Quote:I'm not going to use any climb-prevention barrier, in my first coop. I've looked at many tractor designs. I thought something where the coop and the run were detachable and separately movable, would give the birds more space and access to forage crops such as Japanese millet. This may be necessary for muscovies, as they may fight if too confined.

    My materials include a ping-pong table, but I decided to remove the particleboard and use corrugated steel for the roof, so I will be using the ping-pong table as a lightweight metal frame, with a wood frame in some places, sheet metal, and 1/4" x 1/4" hardware cloth for one side.

    One of my other experimental ideas was a Soldier grub bin under poultry coop. This received more favorable feedback and I found a design that would allow me to add grub harvesting apparatus at a later time, without really requiring any more effort/expense than building the coop.

    I'm not sure how necessary it will be to have two layers of wire under the coup, instead of just one. If predators get under there they will probably scare the b'jesus out of the chickens, and I will probably have to buy like 20 feet anyway, so now I am thinking I will put the coop on a second piece of wire, if it is heavy enough that a predator (raccoon) would not be able to lift it. But I haven't really decided on this point.

    I'll design the run later.
     
  6. schellie69

    schellie69 Chillin' With My Peeps

    Oct 8, 2009
    Kansas
    have a permanent coop/pen and then just let them free range during the day, there are worries of over head predators and maybe some foxes. but if you had a sturdy permanent coop/run for them at night then during the day a simple move able tractor or just allowing them to free range would be great ideas. they have some that you can make that are like half tents that you can put back wheels on and just move around you have nest boxes and a perch inside and can move it each day to new grass there is a door that allows for watering and feeding and you can make it using pvc pipes and wire and make it as large as you need just remember the bigger they are the more they will weigh.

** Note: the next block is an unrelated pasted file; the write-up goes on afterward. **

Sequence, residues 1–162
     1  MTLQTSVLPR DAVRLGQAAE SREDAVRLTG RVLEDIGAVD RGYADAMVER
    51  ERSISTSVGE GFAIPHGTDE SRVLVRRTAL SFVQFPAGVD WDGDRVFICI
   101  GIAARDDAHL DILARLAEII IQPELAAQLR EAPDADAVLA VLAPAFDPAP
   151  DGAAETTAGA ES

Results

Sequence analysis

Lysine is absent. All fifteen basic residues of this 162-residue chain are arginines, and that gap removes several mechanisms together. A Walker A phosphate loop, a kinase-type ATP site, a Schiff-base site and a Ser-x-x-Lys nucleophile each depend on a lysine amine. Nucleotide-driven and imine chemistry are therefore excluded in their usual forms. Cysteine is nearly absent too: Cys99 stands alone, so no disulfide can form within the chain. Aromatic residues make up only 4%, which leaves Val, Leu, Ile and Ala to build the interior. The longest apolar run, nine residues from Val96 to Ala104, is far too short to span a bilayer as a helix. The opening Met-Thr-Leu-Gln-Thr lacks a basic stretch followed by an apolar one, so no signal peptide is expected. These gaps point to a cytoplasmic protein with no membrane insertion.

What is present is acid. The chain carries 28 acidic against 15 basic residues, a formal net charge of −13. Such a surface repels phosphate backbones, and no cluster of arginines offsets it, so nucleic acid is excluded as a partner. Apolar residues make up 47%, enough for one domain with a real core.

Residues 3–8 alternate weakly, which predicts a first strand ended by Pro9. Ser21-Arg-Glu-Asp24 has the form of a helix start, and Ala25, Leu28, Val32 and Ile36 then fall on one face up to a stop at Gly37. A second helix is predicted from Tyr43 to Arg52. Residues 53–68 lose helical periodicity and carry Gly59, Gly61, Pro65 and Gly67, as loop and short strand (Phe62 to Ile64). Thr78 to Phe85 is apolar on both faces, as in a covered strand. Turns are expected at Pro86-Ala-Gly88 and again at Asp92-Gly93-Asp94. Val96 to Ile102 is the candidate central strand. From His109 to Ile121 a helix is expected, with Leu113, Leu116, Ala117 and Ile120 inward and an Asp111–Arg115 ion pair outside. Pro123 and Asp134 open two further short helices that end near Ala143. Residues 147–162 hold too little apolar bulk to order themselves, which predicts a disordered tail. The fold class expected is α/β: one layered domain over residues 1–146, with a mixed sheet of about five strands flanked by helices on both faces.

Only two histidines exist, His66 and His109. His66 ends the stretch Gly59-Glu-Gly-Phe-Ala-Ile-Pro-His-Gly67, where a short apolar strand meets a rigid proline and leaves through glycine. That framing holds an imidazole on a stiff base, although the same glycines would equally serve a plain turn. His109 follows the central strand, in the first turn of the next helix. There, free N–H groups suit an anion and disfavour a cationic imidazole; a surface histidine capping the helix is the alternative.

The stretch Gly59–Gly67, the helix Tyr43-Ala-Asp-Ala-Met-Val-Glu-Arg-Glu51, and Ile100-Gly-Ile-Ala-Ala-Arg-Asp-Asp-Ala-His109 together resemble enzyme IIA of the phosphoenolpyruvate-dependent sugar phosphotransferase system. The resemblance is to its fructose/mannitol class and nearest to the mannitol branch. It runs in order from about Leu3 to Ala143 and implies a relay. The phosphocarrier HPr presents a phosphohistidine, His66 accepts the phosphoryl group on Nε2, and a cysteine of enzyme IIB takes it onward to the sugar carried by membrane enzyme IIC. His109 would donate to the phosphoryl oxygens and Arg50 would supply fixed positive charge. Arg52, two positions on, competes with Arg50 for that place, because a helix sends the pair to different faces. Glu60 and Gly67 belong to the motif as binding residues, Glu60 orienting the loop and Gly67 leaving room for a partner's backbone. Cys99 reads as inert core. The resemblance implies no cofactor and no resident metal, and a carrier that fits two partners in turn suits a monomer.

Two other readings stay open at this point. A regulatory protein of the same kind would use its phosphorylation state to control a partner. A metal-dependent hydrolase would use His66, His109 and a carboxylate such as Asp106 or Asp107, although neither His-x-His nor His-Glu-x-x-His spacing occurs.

7. Lumenos

    Lumenos Out Of The Brooder

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    May 17, 2009
    San Gabriel Valley
    Quote:I don't know of any foxes around here. Some dogs get out and could get back there and kill all the birds. A coyote has gotten on a neighbor's wall and come in. I hear owls during the day. It might be hawks that I am seeing circling around. There is a big gray cat that likes to hunt among the natural plants ("weeds") in the backyard. If I get muscovies, I would be raising them for meat and so they would often be ducklings with their mother.

    I'm afraid chickens will eat the vegetable garden and they may cherry pick the forage crops, so they don't grow to maturity. I'd like to get muscovies if they are not too stinky and the filth flies can be controlled. From what I have read, a family of free range muscovies would definitely devour the vegetable garden in my small yard.